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Nathaniel Rateliff, Teenage Wrist, Phoebe Bridgers, Tennis System, Repeater At The Echo, Monday June 29th 2015 Review

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Nathaniel Rateliff & the Night Sweats

I often complain that bands sound too much alike, but this wasn’t certainly the case at this free Monday residency at the Echo. I got to see five bands, and they did offer a very eclectic range, and a little bit of something for everyone I guess. It was the last week for Tennis System’s residency, and they played quite late that night, but you had to come early for Nathaniel Rateliff & the Night Sweats. They were a great surprise with a formidable energy and a lot of soul. I am not using the term soul lightly, despite the cowboy hat on the head of one of the guitarists, they undoubtedly had an old-school rhythm & blues sound, and one of their songs even had a true Sam & Dave vibe. The sax, the horns and the wobbling Hammond were part of their audacious and lively R&B, with an explosive sound and a powerhouse that may have channeled some Springsteen or Joe Cocker gig. It was some happy and empowering music, cheered by the crowd, and that was just a regular Monday night. Rateliff had an intense charisma, step-walking-dancing, clapping, yelling with his big fat voice, performing like a born-frontman at the head of a 5-piece band. Their last song, which may have been entitled ‘S.O.B’, had this chain-gang-New-Orleans-mardi-gras big sound with acapella and clapping parts, totally great and received by the crowd with big applause. They are from Denver, Colorado, but there was something very southern, almost gospelic in their music and they have an upcoming album out August 21st

The next band Teenage Wrist couldn’t have sounded more different. They built a massive ready-to-blow-your-socks sound, which turned out to be a sort of poppy shoegaze with soft vocal harmonies. They started out with lot of distortion as if they were a metal band but ended up with a very pop vibe, just blown out of proportions by their big amps. They weren’t aggressive at all, despite the shaking of the guitars and some vibrant stage action, and they could have been a tender post hardcore band, or could we call this power-emo? They only have an EP out but already a lot of fans judging by the crowd.

Mid-set, I realized I had already seen Phoebe Bridgers, she had joined Ryan Adams on stage for a song last time I saw him at the Valley Performing Arts Center. And listening to her singing, I could completely understand why he had picked her, her voice was beautifully matching Adams’ melancholic folksy vibe. She is a very beautiful very young looking blonde woman, peacefully strumming her guitar, alone then joined by her drummer, singing with a youthful voice, which could reach some powerhouse moments. She was carrying a real darkness in her sad slow ballads, which certainly reminded me of Adams at time. The Heartbreaker singer has effectively released one of her songs, ‘Killer’, on his Pax-Am Records label. ‘Can the killer in me tame the fire in you’, she sings in this song, a line which sure had to bring Adams’ attention. She also had a song about funerals, an uplifting subject if there is one, another one about how life in Silverlake can be depressing, and she did cover a song by Guided by Voices… I read an interview of hers and two things made me smile, first she smiled when Adams compared her to Bob Dylan – I know, it sounds probably too much for the girl, but he was not being sarcastic at all – and her favorite album of all time is Elliott Smith’s ‘Either/Or’. As if she was not interesting enough, she is also in this punk band Sloppy Jane, I saw last weekend at the Satellite,… which means she is much more eclectic than her quiet, melancholic and thoughtful set would have let me think.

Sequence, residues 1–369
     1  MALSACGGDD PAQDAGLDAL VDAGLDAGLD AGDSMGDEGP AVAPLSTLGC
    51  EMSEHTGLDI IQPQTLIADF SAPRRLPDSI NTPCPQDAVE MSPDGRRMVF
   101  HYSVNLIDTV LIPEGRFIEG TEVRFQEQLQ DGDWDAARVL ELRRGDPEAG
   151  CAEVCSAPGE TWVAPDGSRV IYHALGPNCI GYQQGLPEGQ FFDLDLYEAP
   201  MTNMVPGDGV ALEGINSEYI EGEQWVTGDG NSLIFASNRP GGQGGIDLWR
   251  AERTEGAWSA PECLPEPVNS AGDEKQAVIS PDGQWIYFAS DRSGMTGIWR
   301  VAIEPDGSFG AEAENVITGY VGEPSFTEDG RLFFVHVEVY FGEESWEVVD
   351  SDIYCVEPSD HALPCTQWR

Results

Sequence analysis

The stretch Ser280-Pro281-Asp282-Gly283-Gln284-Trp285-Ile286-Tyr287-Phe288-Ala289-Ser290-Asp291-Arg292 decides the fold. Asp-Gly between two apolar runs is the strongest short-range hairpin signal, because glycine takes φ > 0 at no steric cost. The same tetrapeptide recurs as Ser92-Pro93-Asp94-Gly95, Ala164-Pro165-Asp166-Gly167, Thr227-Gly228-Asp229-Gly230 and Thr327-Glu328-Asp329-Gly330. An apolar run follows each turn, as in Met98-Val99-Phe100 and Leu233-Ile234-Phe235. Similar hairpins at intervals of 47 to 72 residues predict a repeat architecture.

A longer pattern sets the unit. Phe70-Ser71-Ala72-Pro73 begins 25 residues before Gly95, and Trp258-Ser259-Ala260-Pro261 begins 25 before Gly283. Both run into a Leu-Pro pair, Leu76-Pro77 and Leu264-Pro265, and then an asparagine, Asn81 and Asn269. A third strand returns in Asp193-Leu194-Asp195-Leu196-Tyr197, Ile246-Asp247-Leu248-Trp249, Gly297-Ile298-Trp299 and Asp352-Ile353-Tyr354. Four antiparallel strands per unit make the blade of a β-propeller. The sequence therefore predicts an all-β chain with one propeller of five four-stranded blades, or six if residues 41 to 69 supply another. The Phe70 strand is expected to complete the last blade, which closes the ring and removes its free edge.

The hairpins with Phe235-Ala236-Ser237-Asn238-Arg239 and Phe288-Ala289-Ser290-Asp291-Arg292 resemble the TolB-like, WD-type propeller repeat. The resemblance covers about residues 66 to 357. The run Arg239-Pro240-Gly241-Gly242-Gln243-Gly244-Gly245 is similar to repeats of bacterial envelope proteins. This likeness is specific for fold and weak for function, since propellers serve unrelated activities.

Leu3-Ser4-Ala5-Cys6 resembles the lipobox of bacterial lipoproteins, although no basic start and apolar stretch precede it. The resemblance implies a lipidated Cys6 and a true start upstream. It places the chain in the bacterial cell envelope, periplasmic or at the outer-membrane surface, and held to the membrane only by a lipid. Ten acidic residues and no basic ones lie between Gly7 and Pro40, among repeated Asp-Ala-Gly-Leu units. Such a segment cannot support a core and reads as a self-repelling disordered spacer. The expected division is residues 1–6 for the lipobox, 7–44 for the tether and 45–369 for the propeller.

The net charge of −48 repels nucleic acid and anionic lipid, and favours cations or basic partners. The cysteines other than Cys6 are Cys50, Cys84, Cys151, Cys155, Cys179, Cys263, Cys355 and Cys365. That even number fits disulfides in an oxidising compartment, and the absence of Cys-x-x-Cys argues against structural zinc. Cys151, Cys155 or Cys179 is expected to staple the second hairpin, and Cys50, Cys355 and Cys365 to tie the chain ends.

It was Tennis System’s residency and they played a very intense, super moody set, with songs alternating between breezy peaceful moments of bliss and stormy explosions with a maximum of agitation. I have seen the trio several times before, and they continue to impress people with these dreamy sequences interrupted by eruptions of dramatic noise. They usually bring a monster of distortion, but sound quite poppy between the hurricanes, and they are more fast and loud than aggressive. Although many people have qualified their music of shoegaze (and be aware they don’t like it) their songs would rather make you try to reach the sky than look at your shoes.

It was late but I stayed for Repeater, a Long Beach band which had a very sweet poppy sound, boy-girl harmonies and a great sense for catchy melodies. They had diverse songs too, evoking the late 70’s or 80’s with a Brit-rock vibe and a post-punk feeling. They also put a great energy in their set whereas very distinctive and sugary melodies were surfacing each time. Frontman-Singer Steve Krolikowski ran away in the middle of the set, to reappear with another guitar, and he did it so fast that his bandmates were all surprised, but a few seconds later they were back at playing another hooky song…

It was already 1 am when I got home and it was just an ordinary Monday night.

Pictures of the show here.

 





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